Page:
With Australian household debt levels the highest they have ever been, it’s no wonder that there is a large amount of people now trying to work out what the best way to get out of debt is. Well, I have good news and bad news for you. The good news is you’re here – kudos! The bad news is that you probably have some work ahead of you to get that balance sheet into the green. But don’t worry, because the techniques we’ll be sharing will make your journey to debt freedom faster, simpler and hopefully less costly!
There are two popular methods for paying off debt, and these are known as the Debt Avalanche and Debt Snowball method. They may sound a little silly, but their purpose is to give you the path that best suits your personality to keep you motivated.
Where Should I Start?
First, list out all your debts, with their respective interest rates & minimum repayments so you have a clear view of what you’re dealing with. This step would be the same no matter which method you choose.
How Does the Debt Avalanche work?
The debt avalanche method is the one that will save you the most money on interest costs while repaying your debts. If you’re the kind of person who is very logical or practical, you’ll no doubt prefer this method.
Start by making sure you set aside the money to make the minimum repayments on all of your debts. Far worse penalties can apply by not paying at all, so you need to maintain at least the minimum payments. Now with as much additional money as you can, use that to make extra repayments on the debt incurring the highest interest rate. You would do this regardless of what the outstanding balances are, because ultimately it will save you the most money in interest.
As you can see, there isn’t a lot to it. You just need to get in that habit and keep it up. Once the highest interest rate debt is paid off, move on to the next highest and repeat.
The downside for some people is they may find it hard to stay on this path if the debt they are paying is quite large, and they don’t feel like they are making progress with multiple payments still going out everywhere. Even though this method is best mathematically, humans are emotional creatures and sometimes, the motivation can be more important. For those people, we have the Debt Snowball method.
How Does the Debt Snowball work?
The debt snowball method, as I mentioned is not as mathematically advantageous as the debt avalanche, but it focuses more on the psychological aspects of paying, and conquering your debts. This method has been praised by the likes of personal finance figure Dave Ramsey who stated that “What I have learned is that personal finance is 20% head knowledge and 80% behaviour. You need some quick wins in order to stay pumped enough to get out of debt completely.”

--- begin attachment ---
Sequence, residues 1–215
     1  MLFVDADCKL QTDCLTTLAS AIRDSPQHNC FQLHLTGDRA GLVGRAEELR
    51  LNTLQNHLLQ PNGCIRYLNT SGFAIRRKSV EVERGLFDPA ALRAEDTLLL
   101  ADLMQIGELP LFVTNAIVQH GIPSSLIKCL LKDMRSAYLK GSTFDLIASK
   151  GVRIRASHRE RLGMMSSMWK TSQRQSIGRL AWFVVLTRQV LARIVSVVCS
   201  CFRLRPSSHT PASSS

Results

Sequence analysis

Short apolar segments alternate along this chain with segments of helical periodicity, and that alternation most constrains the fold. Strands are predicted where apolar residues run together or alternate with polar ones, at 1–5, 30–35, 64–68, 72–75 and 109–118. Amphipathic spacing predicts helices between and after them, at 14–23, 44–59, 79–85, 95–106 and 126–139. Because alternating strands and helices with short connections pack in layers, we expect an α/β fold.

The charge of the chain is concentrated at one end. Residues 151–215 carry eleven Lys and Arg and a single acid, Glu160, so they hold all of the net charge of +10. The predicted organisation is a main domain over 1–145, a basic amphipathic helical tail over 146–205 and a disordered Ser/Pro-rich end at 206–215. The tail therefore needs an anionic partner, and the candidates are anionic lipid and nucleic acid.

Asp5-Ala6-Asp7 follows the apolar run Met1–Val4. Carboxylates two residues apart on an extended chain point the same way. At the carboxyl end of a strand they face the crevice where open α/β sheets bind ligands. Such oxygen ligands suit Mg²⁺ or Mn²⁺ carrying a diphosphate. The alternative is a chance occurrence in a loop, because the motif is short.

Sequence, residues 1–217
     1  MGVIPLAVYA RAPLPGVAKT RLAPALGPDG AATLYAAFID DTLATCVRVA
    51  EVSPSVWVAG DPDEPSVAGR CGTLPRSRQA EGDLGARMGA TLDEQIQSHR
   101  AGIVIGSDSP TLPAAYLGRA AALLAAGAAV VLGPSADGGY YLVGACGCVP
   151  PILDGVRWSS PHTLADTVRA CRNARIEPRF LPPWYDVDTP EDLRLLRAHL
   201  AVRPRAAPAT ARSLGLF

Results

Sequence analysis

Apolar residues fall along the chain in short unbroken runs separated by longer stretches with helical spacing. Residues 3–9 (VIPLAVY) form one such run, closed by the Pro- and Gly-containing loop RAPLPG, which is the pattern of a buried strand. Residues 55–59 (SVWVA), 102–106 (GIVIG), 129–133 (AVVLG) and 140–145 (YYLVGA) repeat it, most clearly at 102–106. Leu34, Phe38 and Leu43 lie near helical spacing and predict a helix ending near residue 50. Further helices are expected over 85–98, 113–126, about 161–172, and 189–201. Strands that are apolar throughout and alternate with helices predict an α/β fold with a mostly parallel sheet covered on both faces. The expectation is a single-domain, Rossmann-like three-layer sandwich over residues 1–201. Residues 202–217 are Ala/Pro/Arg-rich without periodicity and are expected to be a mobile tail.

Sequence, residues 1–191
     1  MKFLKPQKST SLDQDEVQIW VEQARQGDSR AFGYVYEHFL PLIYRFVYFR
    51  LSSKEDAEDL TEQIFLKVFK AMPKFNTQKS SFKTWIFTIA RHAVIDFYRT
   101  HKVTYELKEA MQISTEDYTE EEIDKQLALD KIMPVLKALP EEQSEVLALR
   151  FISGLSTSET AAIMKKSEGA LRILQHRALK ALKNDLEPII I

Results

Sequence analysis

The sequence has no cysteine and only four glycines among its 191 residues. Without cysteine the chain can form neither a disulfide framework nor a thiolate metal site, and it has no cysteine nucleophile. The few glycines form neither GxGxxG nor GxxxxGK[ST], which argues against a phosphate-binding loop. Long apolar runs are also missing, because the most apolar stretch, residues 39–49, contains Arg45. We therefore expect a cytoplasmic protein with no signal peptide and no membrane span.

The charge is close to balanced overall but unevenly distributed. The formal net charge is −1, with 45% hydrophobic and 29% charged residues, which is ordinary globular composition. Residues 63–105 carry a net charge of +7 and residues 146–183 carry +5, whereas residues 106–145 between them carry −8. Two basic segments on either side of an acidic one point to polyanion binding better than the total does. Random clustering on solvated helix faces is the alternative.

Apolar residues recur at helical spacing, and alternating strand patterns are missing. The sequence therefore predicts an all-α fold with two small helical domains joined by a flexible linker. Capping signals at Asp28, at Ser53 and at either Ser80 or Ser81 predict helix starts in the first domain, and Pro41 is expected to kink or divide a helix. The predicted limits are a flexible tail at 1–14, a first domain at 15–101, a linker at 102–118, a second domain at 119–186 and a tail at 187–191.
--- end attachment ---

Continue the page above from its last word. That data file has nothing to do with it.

To follow this method, you would simply make all your minimum repayments as you would for either method. But then with as much additional money as you can, use this to pay off the debt with the lowest outstanding balance first. The purpose of this is to make the debt repayment process feel faster by allowing you to (ideally) close off some debts completely, faster. Even though you may be paying more in interest, the confidence boost in completing paying something off and not having to think about it anymore can keep you motivated so you don’t stray from your journey.
So Which Method Should I Choose?
As I mentioned, the debt avalanche method is great for people who are logical and practical, and see the long-term benefit mathematically by paying off the debt with the highest interest rate. If however you think you’d lose motivation without seeing some more visible results – such as being able to close out some debts completely sooner – then you may prefer to use the debt snowball method to give you the extra motivation to stay on track.
Regardless of which method you choose, by taking the action to prioritise paying off your debts means you’re well ahead of the average person and shows great maturity on your part. So, pick the method best suited to you and stick to it – Either way, you’ll be thanking yourself in the long-run had you not have done either of them!
DISCLAIMER: This is purely opinion and is not financial advice. You, and only you are responsible for the financial decisions you make.